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A Grammar of Endings

by Alana Wilcox

A Grammar of Endings, the first novel from Toronto author and editor Alana Wilcox, explores, in letter form, an unnamed woman’s grief over the breakup of her love affair with Aidan, to whom the extended letter is addressed. Passages from the love letters of writers such as Henry Miller and Keats are interspersed throughout the text, and periodic flashbacks to the narrator’s relationship with her dead father provide emotional continuity of character.

Wilcox’s prose conveys the intimacy and sincerity of a letter never intended to be read. Linking her plight to the grammar, syntax, and complexity of the written word, the narrator floods the reader with similes and metaphors involving books, writing, and libraries. The images sometimes adopt a claustrophobic quality that mirror the writer’s sense of despair: “A semantic strangulation, a cloying adherence to the constraints of grammar, the paralysis imposed by structure.” Unfortunately, by the novel’s conclusion, there is little improvement in the narrator’s condition – the chasm of regret seems to swallow her abruptly.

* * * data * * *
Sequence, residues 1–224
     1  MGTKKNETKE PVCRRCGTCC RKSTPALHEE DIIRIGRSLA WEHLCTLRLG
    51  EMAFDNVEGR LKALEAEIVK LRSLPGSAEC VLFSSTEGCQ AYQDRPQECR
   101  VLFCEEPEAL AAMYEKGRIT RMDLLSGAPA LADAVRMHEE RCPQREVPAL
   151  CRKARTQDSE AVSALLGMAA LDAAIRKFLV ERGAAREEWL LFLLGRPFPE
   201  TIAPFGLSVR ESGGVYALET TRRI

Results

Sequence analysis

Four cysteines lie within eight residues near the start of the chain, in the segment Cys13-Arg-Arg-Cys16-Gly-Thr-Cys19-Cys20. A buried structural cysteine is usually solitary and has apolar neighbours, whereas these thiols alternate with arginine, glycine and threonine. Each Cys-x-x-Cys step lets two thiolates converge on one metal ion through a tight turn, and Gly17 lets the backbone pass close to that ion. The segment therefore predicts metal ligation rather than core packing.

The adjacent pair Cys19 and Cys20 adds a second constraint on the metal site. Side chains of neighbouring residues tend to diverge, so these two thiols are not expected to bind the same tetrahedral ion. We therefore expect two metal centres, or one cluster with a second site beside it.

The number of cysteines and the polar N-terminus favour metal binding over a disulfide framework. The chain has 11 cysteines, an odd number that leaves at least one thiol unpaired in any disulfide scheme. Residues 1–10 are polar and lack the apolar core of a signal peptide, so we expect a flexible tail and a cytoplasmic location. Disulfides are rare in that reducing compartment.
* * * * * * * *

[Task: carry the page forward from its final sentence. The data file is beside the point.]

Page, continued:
As powerful as many of Wilcox’s images are, she offers too much of a good thing. The reader is overwhelmed by imagery that begins to sound increasingly forced, coming in short, sporadic bursts that often seem disconnected from novel’s action. Interactions with the novel’s few other characters are also bland. One is left wishing that the letter writer had controlled what she calls “the relentlessness of this ending, the way it is always beginning again.”


Reviewer: David Roxborough

Publisher: The Mercury Press


Price: $17.95

Page Count: 152 pp

Format: Paper

ISBN: 1-55128-086-8

Released: Oct.

Issue Date: 2000-12

Categories: Fiction: Novels

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